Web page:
Friday, April 02, 2010
By Matt Cover, Staff Writer
EPA Administrator Lisa Jackson. (AP photo)
(CNSNews.com) – Environmental Protection Agency Administrator Lisa Jackson said her agency’s inaugural regulations on greenhouse gas emissions on cars were only “the first” of such regulations, promising that her agency would move “deliberately” to institute regulations in other areas of the economy as well.
Speaking to reporters on a conference call on Thursday to announce the new regulations on cars and light trucks, Jackson explained that – for now – the Environmental Protection Agency (EPA) was only regulating greenhouse gas (GHG) emissions from cars and light trucks.
“These are the first regulations that cover greenhouse gas emissions in the United States,” she said. “Certainly it shows that it can be done, but I think it shows more than that.”
“It shows that it can be done in a thoughtful way that doesn’t turn the economy on its ear, that doesn’t cause the sky to fall,” she said, echoing a similar statement made by President Barack Obama when defending his recently passed health care overhaul.
Jackson noted that the Clean Air Act says that additional regulations are coming because the GHG emissions are labeled as a pollutant. She added, however, that the EPA would move “rather slowly” to allow states to deal with the impact of increased federal regulations “when and if they come.”
“Certainly, the Clean Air Act talks about additional regulation needed once greenhouse gas pollution is acknowledged to be exactly that, and I think we have done everything we’ve committed to doing in terms of giving clarity about the timetable and the scope of rulemaking and our desire to move very deliberately and actually somewhat slowly so that states and EPA can be ready to deal with additional regulations when and if they come,” said Jackson.
The new regulations mark the first time the EPA has regulated GHG emissions from any source, as well as the first time it has weighed in on fuel efficiency, an area usually regulated by the Department of Transportation.
Under the regulations, which begin in 2011, automakers would be required to reduce fleet-wide GHG emissions steadily each year, beginning at 295 grams of carbon dioxide per mile and culminating in a cap of no more than 250 grams per mile by the 2016 model year.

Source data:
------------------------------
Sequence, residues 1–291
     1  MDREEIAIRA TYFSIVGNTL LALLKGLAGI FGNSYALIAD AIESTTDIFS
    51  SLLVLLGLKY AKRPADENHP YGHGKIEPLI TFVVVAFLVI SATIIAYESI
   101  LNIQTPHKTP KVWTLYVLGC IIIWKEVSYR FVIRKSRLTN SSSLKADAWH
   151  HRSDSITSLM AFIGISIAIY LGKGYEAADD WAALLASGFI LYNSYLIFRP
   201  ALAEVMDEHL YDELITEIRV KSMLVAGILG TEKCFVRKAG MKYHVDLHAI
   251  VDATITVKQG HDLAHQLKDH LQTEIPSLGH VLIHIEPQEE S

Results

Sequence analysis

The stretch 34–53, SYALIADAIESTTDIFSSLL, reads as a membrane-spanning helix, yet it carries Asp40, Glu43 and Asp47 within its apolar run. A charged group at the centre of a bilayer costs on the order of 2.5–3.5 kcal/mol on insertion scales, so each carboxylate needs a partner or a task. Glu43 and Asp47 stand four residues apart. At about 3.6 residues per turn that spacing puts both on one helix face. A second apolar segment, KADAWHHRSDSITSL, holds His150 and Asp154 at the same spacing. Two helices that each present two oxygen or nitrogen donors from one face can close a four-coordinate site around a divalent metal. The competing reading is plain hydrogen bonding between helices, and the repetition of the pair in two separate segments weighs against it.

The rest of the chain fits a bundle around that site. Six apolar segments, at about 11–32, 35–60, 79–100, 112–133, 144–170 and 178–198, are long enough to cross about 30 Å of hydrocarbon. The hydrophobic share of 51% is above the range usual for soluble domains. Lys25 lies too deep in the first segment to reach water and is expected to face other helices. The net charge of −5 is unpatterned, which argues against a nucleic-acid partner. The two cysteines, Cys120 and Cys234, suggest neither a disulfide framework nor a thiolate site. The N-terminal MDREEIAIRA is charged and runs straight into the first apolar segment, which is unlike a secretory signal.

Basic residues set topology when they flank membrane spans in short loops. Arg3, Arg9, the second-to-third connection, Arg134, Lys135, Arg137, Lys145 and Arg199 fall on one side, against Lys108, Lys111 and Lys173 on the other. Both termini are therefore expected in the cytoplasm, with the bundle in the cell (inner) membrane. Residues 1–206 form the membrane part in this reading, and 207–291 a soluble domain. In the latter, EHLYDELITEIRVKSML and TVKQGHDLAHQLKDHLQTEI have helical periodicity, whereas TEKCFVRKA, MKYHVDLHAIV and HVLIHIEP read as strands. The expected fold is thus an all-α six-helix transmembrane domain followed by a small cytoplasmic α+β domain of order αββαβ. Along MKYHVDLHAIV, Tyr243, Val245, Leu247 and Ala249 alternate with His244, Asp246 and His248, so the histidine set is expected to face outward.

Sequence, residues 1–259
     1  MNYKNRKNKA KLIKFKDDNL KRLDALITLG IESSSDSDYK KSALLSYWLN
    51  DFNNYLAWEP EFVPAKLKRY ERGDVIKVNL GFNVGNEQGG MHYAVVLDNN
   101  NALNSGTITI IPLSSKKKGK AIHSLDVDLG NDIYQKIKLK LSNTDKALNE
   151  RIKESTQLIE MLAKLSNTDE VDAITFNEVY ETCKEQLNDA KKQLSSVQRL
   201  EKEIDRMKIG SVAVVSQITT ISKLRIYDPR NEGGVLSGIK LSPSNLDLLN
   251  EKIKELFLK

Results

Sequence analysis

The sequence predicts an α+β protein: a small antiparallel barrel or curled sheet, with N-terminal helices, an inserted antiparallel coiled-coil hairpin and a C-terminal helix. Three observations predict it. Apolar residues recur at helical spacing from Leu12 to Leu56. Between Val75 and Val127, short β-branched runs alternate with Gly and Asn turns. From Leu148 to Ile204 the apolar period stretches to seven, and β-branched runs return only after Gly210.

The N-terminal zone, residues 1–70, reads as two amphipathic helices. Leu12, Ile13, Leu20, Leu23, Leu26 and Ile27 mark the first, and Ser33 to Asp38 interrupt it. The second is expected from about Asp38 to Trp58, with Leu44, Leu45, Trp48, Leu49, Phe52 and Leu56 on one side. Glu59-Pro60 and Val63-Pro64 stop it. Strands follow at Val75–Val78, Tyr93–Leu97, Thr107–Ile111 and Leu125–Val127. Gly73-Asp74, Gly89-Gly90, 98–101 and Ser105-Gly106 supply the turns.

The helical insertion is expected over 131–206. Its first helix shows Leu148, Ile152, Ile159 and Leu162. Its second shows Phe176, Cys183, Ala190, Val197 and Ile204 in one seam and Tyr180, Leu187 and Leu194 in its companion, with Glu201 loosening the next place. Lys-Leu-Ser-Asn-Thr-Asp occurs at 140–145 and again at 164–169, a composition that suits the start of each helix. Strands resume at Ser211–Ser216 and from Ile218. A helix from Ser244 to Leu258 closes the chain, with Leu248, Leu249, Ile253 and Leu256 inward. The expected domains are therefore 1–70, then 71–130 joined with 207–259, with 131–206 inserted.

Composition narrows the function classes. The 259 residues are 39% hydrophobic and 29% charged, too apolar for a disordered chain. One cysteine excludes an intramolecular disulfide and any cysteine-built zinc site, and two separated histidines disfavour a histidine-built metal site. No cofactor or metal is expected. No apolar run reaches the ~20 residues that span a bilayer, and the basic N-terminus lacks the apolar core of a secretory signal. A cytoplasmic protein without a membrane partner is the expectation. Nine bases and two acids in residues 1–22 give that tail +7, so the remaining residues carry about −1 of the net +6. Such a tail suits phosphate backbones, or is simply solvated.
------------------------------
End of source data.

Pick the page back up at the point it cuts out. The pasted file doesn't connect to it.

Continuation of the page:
Automakers are allowed to use a fleet-wide average, meaning that they can use reductions from smaller, more fuel-efficient cars to offset the higher GHG emissions from larger cars and trucks, which are often their highest-selling vehicles.
Senator James Inhofe (R-Okla.) criticized the EPA move, saying there was no need for the agency to add regulations to the already struggling auto industry, and pointing out in a statement that Transportation Department regulations already got the job done.
“Achieving greater fuel efficiency and lessening dependence on foreign oil are two policy goals that I support,” Inhofe said. “We have many ways of achieving these goals without imposing a backdoor energy tax on consumers created by the EPA.”
Inhofe, a consistent skeptic of anthropogenic – man-made global warming -- said that the EPA’s new regulations were an attempt by the agency to get its foot in the door so it could regulate other sources of GHG emissions in the broader economy.
“As the EPA Administrator admitted to me, EPA’s regulations won’t have any meaningful climate impacts,” Inhofe said. “This is the initial step in EPA’s regulatory barrage stemming from the endangerment finding.”
Al Mannato, fuels issues manager for the American Petroleum Institute, the trade association of the oil and natural gas industry, echoed Inhofe, explaining that the EPA’s action was the first step in expanding its regulatory authority over all GHG emitters. He noted that there was little difference between the new EPA standards and the Corporate Average Fuel Economy (CAFÉ) standards.
“The NHTSA [National Highway Transportation Safety Administration] CAFE standards get you virtually all the way there,” Mannato said. “There’s just a very, very small difference between the standard as EPA passed it and the standard as NHTSA passed it, and, in fact, you could have made the NHTSA standard a little more stringent and then you wouldn’t need [EPA].”
“The action by EPA was unnecessary and they took that action intentionally and expressly so that they could begin regulating GHG under the Clean Air Act,” he said.
Mannato also echoed Lisa Jackson, who told reporters on the conference call that any additional regulations of GHG emissions would not start until after January 2011, when the new car regulations kick in. Mannato explained that once the car regulations were in place, they would trigger new regulations of other GHG emitters.
“Once the care rules went into place the triggering event for regulating [GHG emissions] under the Clean Air Act would be January of next year,” he said. “It’s uncertain where else they’re going to go with this.”